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Dublin: 8°C Wednesday 28 September 2022

Ryanair to cut services this winter over Boeing 737 MAX aircraft delays

The airline is looking at which bases “should suffer these short term cuts and/or closures from November 2019″.

Image: Mark Stedman/

AIRLINE RYANAIR HAS said it will be making cuts to its winter 2019 and summer 2020 schedules through base cuts and closures, over delays in the delivery of new Boeing aircraft.

In a statement this morning, CEO Michael O’Leary said the airline was now in the process of identifying which “underperforming or loss-making bases should suffer these short-term cuts and/or closures from November 2019″.

Ryanair remains committed the new Boeing 737 MAX jet fleet, but said the exact date when it can return to service remains “uncertain”. 

All Boeing 737 MAX planes were grounded by aviation authorities after two fatal crashes involving the 737 MAX 8 edition of the aircraft – one with Indonesian Lion Air and another with Ethiopian Airlines.

Ryanair hopes to take delivery of its first MAX 800 planes by January or February 2020.

O’Leary said: “Boeing is hoping that a certification package will be submitted to regulators by September with a return to service shortly thereafter. We believe it would be prudent to plan for that date to slip by some months, possibly as late as December.”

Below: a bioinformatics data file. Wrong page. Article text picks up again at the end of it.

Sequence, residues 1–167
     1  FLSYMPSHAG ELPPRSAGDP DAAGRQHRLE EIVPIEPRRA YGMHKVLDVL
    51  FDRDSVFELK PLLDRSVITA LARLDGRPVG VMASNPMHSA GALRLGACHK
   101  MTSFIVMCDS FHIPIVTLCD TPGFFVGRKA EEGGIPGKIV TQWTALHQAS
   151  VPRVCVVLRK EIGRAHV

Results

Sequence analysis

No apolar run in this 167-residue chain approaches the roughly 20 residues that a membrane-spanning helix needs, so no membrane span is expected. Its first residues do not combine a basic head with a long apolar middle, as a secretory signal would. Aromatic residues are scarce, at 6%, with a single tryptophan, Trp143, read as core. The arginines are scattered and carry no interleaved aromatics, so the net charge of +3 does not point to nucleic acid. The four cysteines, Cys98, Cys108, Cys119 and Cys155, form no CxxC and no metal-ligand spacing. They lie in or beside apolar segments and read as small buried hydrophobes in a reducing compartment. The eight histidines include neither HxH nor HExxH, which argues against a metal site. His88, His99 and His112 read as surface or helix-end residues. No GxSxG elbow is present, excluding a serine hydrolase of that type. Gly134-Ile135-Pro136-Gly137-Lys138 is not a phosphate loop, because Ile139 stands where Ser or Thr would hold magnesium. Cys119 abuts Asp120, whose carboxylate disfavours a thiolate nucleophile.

It had been originally planned to deliver 58 of these aircraft in time for the summer 2020 schedule, but the maximum that is now expected is 30, Ryanair said.

“For planning purposes, Ryanair will now revise its summer 2020 schedule based on 30 incremental aircraft, rather than 58,” O’Leary said. “This will cut Ryanair’s summer 2020 growth rate from 7% to 3%, and means full year traffic growth for the year to March 2021 will be cut from 162 million guests to approximately 157 million.”

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He added the airline would be in contact with staff and unions about implementing the closure of bases, and added it had all been directly caused by the Boeing issues.

It hopes to return to full services in summer 2021.

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Sean Murray

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